Space Shuttle Discovery resumes rollout to launch pad
Wednesday, April 6, 2005
NASA reports that the Return to Flight mission has started to roll toward the launch pad once again.
The rollout of the shuttle, scheduled for April 5 around midnight local time, was moved forward as a precaution when a small crack was discovered in the foam insulation on an external fuel tank. Officials decided it was no reason for concern.
As of 2:04 p.m. EDT (18:04 UTC) today the orbiter began inching out of the Vehicle Assembly Building's hanger atin and onto the access road for the launch pad 39B. It is expected to reach the launch pad around 8 p.m. EDT.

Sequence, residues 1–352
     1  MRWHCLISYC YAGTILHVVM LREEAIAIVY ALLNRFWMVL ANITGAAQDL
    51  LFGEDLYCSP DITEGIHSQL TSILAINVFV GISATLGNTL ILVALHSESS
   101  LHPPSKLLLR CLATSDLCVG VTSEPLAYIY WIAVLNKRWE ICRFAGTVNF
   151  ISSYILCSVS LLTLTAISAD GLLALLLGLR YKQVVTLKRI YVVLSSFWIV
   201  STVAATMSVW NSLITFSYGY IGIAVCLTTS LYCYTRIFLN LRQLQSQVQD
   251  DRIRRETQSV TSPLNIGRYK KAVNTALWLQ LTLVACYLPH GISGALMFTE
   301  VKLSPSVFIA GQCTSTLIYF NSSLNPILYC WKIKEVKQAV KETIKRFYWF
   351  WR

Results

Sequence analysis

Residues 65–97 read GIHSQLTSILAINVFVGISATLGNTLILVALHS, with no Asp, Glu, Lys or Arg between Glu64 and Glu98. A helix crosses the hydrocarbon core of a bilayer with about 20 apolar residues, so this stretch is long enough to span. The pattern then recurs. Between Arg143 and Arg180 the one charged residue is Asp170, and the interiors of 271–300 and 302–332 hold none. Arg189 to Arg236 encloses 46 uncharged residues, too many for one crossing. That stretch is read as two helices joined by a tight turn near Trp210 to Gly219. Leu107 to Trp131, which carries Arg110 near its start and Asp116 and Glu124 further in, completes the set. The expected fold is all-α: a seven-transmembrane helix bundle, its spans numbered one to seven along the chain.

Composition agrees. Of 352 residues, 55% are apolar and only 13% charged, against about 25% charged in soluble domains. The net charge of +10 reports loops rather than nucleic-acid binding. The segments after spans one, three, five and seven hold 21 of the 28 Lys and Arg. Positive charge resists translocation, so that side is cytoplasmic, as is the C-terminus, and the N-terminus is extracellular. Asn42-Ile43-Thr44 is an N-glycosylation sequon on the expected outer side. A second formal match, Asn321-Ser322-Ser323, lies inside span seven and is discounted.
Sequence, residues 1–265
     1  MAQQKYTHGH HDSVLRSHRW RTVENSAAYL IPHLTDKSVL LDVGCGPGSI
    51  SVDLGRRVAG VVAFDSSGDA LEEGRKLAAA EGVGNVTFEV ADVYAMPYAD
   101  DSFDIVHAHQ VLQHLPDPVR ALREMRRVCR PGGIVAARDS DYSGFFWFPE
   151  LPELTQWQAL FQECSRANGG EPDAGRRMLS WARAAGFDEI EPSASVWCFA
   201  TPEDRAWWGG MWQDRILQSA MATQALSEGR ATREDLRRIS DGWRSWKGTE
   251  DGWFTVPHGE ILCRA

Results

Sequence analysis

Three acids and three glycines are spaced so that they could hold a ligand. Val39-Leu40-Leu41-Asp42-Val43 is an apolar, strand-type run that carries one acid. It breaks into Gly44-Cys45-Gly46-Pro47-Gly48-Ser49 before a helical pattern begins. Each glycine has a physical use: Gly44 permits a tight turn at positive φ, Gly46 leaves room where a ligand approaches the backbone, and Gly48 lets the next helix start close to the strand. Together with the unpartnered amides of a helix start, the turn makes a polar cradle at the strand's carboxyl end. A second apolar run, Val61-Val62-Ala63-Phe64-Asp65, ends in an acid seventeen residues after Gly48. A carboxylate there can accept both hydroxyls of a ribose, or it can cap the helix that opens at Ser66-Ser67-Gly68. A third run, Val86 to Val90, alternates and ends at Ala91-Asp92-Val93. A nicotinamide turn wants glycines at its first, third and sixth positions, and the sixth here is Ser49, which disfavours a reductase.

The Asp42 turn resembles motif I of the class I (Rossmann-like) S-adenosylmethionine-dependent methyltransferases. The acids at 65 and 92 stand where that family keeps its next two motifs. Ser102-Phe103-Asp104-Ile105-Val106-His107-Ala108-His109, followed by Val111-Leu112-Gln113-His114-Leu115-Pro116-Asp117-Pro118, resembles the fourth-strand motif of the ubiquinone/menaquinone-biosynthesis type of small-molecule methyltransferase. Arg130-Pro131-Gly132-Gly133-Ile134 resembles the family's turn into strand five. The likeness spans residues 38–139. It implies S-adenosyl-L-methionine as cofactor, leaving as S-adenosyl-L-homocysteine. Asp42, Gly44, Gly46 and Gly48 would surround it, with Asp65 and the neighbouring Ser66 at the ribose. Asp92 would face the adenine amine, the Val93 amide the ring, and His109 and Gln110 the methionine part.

The actual launch window for the 114th Space Shuttle flight, and the 31st flight of the orbiter Discovery, will be no earlier than May 15 to June 3, 2005.
The trip to the International Space Station, "Return to Flight" STS-114, will last 12 days and be the first flight since the tragedy in 2003. This flight will test a new robot extension arm, the -built Orbiter Boom Sensor System, used to repair the exterior of the International Space Station.
goes from standing still on the launch pad to more than 17,000 miles per hour in just over eight minutes. That means the astronauts go 2,000 miles per hour faster every minute.
NASA First Motion: Discovery Starts Crawling to the Launch Pad April 6, 2005